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The Cycle of Jewish Life

Congregation Har Shalom is here to assist our congregants and members in celebrating life cycle events at all age and stages. 

The Har Shalom community welcomes Jews of all backgrounds including interfaith families, singles, seniors, couples, single-parent and same-sex families and Jews-by-Choice. We encourage meaningful participation by all and strive to create a sense of belonging. 

Birth - Brit Milah & Baby Naming

Naming a Jewish baby is a sacred ritual, a statement of what we hope he or she will be, but also a connection to Jewish heritage and lineage. Har Shalom celebrates new babies with special naming ceremonies to welcome them into the covenant and our community. 

 

Marriage 

Marriage is a keystone of Jewish life. The term for marriage, kiddushin, is derived from the Hebrew word for holiness. In Judaism, the marital union provides a way for us to experience holiness in our daily lives. 

For questions about Birth Ceremonies or Marriage, or to plan your event, contact Rabbi Finestone.

Bar and Bat Mitzvah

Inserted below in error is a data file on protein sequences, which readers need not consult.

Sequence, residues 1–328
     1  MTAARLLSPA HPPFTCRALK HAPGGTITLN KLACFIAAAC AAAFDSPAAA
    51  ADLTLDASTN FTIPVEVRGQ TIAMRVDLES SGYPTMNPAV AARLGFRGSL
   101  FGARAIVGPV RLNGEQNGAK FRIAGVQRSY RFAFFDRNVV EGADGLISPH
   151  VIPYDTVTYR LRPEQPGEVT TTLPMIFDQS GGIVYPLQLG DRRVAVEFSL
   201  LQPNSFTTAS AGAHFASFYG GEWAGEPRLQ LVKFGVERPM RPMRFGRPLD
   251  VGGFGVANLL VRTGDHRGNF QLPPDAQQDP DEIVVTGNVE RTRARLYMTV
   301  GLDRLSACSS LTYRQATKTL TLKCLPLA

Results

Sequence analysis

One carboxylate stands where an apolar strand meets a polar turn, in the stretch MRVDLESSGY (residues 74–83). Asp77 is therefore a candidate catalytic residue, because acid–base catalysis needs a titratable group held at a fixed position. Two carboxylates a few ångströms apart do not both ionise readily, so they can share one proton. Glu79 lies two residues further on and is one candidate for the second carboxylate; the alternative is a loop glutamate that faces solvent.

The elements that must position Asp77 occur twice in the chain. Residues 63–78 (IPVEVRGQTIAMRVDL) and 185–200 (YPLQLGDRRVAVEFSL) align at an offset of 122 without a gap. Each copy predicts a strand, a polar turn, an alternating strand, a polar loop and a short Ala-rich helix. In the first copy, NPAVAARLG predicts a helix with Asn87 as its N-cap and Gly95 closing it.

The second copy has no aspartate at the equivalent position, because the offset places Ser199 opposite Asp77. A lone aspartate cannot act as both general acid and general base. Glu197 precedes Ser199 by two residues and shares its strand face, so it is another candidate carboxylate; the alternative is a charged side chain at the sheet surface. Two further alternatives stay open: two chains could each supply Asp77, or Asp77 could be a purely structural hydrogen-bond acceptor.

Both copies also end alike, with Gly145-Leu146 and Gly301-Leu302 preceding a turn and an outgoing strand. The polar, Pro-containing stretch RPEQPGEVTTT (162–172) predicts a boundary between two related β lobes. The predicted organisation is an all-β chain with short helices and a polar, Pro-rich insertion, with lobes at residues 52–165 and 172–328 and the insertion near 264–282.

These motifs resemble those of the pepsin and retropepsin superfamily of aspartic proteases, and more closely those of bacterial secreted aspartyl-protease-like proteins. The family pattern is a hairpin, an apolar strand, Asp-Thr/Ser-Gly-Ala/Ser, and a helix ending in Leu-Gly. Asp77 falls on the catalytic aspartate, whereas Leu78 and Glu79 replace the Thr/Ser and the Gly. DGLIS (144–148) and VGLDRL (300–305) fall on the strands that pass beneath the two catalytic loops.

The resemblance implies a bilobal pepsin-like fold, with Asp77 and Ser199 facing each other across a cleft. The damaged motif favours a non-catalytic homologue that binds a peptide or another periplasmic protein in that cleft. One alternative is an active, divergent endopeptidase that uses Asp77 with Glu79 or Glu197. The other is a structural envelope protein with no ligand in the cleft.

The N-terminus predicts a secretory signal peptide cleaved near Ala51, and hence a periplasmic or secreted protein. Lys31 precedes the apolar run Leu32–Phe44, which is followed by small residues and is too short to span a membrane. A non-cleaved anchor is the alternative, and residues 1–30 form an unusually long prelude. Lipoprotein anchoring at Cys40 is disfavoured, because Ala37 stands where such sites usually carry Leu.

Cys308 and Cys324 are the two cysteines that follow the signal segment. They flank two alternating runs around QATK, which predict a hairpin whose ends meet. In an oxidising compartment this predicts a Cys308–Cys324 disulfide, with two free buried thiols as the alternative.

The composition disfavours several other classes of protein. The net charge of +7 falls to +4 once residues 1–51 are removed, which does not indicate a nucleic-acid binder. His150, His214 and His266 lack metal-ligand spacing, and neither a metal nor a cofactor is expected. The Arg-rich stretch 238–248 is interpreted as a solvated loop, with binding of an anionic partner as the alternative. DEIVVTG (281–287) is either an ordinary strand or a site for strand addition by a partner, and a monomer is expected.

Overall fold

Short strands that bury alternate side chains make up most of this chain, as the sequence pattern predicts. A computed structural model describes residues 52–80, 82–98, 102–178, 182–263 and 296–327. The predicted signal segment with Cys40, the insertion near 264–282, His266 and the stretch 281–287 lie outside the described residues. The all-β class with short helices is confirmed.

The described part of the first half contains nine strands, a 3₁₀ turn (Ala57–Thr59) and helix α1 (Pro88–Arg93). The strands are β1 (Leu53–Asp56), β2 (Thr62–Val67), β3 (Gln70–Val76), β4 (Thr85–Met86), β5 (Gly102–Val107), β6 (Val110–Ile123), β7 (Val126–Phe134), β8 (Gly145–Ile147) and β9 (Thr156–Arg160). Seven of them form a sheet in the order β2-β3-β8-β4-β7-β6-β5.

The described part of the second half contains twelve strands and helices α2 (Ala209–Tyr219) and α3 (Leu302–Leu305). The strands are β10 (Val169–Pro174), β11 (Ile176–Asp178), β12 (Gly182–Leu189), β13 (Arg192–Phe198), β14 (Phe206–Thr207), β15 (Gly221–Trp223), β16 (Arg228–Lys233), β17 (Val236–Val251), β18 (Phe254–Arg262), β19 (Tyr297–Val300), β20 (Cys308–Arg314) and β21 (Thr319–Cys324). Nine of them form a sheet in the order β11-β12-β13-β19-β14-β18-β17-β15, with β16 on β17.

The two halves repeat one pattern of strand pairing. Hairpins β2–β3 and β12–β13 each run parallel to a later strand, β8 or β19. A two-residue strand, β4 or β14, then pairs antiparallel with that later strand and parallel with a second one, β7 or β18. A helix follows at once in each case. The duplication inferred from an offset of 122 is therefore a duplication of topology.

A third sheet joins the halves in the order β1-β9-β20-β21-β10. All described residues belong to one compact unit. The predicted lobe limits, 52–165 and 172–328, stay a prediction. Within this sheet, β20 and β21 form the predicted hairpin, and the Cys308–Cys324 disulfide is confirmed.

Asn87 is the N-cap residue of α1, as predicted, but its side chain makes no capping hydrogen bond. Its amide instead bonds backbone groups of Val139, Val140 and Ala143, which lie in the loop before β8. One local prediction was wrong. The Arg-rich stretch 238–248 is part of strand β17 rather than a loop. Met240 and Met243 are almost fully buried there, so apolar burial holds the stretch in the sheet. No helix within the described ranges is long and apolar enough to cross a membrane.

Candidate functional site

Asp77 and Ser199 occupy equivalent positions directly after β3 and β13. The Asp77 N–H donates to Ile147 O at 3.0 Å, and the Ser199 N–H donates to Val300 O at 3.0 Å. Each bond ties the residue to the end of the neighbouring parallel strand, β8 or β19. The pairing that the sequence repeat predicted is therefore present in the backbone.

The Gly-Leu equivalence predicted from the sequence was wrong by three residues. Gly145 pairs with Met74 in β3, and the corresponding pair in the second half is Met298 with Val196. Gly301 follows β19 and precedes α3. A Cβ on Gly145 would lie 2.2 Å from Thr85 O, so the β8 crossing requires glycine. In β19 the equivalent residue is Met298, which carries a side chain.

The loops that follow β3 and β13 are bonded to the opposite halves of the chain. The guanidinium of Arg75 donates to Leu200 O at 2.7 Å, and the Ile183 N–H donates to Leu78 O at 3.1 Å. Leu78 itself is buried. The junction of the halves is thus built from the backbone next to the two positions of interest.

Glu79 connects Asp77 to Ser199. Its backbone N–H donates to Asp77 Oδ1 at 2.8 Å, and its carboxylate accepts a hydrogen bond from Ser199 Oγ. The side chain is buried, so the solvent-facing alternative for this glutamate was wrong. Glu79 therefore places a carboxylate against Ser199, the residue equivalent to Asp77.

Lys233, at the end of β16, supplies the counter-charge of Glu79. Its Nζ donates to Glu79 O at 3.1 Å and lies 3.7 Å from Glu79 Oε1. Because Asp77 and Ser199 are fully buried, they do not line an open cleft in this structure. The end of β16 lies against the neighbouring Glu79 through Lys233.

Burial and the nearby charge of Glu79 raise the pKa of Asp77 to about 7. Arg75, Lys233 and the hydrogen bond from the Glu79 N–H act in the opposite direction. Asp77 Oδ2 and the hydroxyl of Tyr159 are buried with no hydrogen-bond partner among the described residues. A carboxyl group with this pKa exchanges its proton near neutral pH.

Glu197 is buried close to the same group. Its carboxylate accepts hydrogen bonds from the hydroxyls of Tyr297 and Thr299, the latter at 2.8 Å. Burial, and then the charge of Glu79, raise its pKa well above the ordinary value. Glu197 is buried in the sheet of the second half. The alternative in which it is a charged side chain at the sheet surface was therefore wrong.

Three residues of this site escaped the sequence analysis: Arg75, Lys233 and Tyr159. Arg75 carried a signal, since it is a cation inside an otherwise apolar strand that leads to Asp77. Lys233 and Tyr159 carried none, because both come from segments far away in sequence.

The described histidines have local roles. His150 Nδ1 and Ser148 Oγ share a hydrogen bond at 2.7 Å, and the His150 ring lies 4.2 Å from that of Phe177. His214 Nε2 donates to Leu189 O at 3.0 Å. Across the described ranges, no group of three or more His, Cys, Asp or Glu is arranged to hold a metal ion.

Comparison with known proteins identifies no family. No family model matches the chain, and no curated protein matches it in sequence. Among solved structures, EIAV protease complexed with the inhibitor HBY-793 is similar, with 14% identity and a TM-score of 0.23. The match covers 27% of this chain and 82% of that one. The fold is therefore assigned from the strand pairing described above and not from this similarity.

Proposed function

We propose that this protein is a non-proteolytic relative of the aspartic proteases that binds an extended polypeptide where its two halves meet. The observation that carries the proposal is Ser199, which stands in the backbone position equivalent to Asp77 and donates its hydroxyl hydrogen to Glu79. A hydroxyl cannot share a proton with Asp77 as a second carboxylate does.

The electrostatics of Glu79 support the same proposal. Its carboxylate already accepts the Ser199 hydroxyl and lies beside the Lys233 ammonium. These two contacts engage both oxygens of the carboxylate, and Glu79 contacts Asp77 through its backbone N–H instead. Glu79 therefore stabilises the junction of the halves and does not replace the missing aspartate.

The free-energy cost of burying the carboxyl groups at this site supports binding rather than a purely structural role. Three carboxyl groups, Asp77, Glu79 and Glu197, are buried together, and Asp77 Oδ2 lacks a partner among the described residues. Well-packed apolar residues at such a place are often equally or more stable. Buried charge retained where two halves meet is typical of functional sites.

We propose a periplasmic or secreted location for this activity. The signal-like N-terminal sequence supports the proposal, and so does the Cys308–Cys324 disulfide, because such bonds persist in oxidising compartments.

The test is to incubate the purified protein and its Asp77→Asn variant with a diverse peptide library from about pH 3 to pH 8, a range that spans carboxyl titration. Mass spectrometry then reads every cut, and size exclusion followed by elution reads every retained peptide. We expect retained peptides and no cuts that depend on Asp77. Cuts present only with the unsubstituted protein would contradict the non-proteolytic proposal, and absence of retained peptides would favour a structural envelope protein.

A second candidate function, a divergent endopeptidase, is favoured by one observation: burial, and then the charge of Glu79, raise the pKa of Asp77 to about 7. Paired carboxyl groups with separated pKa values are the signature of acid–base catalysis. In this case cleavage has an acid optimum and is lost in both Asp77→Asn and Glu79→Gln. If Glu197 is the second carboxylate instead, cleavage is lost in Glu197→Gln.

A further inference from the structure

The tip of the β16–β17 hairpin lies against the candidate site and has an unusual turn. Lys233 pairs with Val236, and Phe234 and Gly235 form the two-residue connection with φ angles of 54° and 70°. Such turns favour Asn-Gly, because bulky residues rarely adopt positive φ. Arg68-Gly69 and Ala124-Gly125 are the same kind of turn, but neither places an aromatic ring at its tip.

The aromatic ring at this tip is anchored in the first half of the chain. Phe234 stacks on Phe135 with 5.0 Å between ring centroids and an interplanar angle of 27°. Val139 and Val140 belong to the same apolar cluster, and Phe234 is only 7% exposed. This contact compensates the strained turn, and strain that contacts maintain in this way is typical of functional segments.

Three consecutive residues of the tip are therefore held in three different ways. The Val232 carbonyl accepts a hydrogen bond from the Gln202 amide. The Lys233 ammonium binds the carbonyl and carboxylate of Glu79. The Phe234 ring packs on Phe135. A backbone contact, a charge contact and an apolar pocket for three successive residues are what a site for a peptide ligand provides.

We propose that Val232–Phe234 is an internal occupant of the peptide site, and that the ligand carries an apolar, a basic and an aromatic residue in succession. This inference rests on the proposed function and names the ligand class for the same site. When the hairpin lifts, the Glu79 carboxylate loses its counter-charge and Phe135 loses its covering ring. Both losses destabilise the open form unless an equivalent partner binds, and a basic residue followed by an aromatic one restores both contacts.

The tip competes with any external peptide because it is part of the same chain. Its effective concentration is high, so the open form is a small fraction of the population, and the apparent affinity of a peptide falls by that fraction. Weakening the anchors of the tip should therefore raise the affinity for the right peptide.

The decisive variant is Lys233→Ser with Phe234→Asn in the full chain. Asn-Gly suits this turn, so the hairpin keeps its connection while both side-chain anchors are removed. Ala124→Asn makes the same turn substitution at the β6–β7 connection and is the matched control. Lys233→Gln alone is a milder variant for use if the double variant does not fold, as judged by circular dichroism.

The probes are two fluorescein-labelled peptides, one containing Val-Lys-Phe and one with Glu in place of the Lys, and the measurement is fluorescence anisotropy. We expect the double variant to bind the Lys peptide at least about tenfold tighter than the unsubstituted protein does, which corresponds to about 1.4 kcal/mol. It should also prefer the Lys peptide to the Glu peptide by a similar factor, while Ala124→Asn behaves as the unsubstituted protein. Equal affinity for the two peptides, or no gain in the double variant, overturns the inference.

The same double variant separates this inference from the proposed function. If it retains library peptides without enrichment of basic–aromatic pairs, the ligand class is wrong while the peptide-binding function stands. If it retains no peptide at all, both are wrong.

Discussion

Bar/Bat Mitzvah (plural b'nei mitzvot) marks a milestone of Jewish development, an acknowledgment that our children stand at the threshold of adulthood and are ready to begin to take responsibility for their lives. From the age of 13 (for boys) and 12 (for girls), youths are counted as adults in forming a minyan (a quorum of 10) for prayer services, can wear a tallit, and can be called to the Torah in fulfillment of the community’s obligation to learn Torah.

For more information about B'nai Mitzvah at Har Shalom, visit our Bar/Bat Mitzvah page

Death and Mourning - Chevra Kadisha

Chevra Kadisha is an organization of Jewish men and women who see to it that the bodies of Jews are prepared for burial according to Jewish tradition and are protected from desecration, willful or not, until burial. Two of the main requirements are the showing of proper respect for a corpse, and the ritual cleansing of the body and subsequent dressing for burial.

The task of the Chevra Kadisha is considered a laudable one, as tending to the dead is a favor that the recipient cannot return, making it devoid of ulterior motives. Its work is therefore referred to as a chesed shel emet (a good deed of truth),

For more information, contact Nina Rubin at nina@rubin.net 

Thu, November 14 2019 16 Cheshvan 5780